You can also share your work offline. The same basic principle applies, but instead of getting hard facts and figures like you’d get by tallying up retweets or Instagram likes, you need to read people’s body language and tone of voice. You’re still looking for enthusiasm.

You also want to do a different type of market validation. You need to make sure that people actually spend money on games like yours. Check Kickstarter and see if you can find a few campaigns like yours that have successfully funded within the last few months. Look out for failed campaigns with similar games, too. You don’t want to fall prey to survivor bias.

Pre-market validation makes sure you do the right thing. Smart audience-building techniques mean you do the thing right. If I had to pick one over the other, I’d take pre-market validation over audience building. No contest.

What does real enthusiasm look like?

I really cannot stress the importance of pre-market validation enough. If people don’t really, really care about your game, then you’re likely to have a tough time on Kickstarter. But like I said a moment ago, it’s not just about Instagram likes.

Here is how I tell real enthusiasm apart from vanity metrics:

Real Enthusiasm
  • People asking detailed questions that indicate they’ve read the rules
  • People following your Kickstarter prelaunch page without an incentive
  • Email signups
  • A high open and/or click rate on your emails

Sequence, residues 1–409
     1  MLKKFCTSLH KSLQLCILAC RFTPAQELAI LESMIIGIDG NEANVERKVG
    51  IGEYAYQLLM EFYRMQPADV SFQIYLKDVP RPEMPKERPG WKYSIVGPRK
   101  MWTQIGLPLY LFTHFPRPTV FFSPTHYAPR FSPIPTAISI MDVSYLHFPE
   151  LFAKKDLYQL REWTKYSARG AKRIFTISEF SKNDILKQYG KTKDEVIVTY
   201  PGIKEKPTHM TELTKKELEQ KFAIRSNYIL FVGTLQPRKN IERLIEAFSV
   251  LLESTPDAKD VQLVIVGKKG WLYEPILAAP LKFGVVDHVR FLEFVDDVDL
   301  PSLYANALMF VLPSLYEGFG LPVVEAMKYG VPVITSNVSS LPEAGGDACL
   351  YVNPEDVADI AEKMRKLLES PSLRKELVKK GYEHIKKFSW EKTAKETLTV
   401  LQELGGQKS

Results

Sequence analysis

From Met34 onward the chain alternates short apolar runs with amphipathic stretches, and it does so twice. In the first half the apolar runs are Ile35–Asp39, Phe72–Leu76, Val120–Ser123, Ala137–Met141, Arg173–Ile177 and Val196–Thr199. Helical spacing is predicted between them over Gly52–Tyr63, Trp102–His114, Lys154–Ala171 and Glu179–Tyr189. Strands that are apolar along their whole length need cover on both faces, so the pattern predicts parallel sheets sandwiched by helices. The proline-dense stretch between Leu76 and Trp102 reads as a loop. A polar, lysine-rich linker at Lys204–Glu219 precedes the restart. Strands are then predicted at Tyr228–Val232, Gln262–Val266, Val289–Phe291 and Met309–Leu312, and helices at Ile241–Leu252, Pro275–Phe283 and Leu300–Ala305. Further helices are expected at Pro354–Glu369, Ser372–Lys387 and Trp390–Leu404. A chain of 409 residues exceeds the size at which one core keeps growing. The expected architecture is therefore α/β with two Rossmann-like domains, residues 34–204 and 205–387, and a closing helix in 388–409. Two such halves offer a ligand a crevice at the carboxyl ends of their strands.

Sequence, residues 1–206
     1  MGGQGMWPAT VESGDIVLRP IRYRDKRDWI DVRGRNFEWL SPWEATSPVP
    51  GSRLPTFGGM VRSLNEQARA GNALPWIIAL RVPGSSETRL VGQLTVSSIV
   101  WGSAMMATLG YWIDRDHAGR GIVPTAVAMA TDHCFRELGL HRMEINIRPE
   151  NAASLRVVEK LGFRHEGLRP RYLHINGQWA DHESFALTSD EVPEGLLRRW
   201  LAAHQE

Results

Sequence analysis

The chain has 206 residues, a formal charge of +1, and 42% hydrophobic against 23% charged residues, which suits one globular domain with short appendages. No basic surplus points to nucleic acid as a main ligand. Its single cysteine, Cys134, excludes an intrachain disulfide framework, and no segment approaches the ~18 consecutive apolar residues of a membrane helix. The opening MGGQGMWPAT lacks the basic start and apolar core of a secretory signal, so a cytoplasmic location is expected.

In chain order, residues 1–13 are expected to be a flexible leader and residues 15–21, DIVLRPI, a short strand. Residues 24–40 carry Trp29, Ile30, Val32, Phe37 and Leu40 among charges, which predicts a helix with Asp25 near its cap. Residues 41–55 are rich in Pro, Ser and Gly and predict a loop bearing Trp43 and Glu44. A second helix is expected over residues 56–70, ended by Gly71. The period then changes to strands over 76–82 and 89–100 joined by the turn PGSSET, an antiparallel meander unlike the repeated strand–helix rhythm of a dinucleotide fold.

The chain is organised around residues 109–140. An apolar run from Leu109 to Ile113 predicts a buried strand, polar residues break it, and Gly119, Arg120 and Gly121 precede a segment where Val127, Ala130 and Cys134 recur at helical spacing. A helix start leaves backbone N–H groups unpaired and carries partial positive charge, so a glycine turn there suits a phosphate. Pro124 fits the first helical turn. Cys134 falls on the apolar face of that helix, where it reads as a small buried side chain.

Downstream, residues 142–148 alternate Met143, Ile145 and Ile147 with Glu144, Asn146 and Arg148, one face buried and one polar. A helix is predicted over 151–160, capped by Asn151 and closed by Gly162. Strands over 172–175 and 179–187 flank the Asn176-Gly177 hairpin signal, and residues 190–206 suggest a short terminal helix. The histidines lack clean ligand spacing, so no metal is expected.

• Live-stream viewers
  • Active Facebook groups or chat rooms where fans talk to one another
  • Cheaper-than-normal social media ads
Vanity Metrics
  • Social media likes or followers
  • Vague comments like “looks great”
  • Impressions on ads, as opposed to clicks or signups
  • Website page views

In general, if you have this nagging feeling that you’re “forcing” people to pay attention to your game, there’s a good chance that something isn’t right. People need to voluntarily and proactively seek out more information about your game.

Building an Audience

When it comes to building an audience, I’ve written an enormous amount of articles on that. Here are seven recent ones:

  1. Choose & Use a Board Game Marketing Strategy that Works
  2. Rise Above the Noise of the Internet & Get Noticed
  3. Generate Traffic for Your Board Game Website
  4. Build a Mailing List and Send Newsletters as a Board Game Dev